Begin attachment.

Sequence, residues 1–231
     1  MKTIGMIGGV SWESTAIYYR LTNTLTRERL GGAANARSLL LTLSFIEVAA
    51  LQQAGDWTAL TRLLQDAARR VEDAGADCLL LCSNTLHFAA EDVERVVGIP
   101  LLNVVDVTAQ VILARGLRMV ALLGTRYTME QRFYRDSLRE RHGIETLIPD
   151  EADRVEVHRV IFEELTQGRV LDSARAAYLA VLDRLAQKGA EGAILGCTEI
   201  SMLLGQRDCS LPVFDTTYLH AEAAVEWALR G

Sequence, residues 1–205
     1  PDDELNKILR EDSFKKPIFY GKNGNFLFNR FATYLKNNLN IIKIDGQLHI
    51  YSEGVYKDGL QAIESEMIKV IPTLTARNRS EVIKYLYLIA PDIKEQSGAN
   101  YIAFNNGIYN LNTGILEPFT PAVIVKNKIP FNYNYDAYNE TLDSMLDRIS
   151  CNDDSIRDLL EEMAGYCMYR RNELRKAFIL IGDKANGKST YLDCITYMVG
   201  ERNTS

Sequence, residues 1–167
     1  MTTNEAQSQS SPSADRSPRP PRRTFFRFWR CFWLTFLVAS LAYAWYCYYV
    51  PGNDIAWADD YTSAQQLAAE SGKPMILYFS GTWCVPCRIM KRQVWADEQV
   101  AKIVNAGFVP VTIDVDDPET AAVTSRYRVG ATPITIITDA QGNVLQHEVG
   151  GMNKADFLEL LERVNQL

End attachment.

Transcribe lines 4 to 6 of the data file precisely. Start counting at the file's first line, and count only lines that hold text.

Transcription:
   101  LLNVVDVTAQ VILARGLRMV ALLGTRYTME QRFYRDSLRE RHGIETLIPD
   151  EADRVEVHRV IFEELTQGRV LDSARAAYLA VLDRLAQKGA EGAILGCTEI
   201  SMLLGQRDCS LPVFDTTYLH AEAAVEWALR G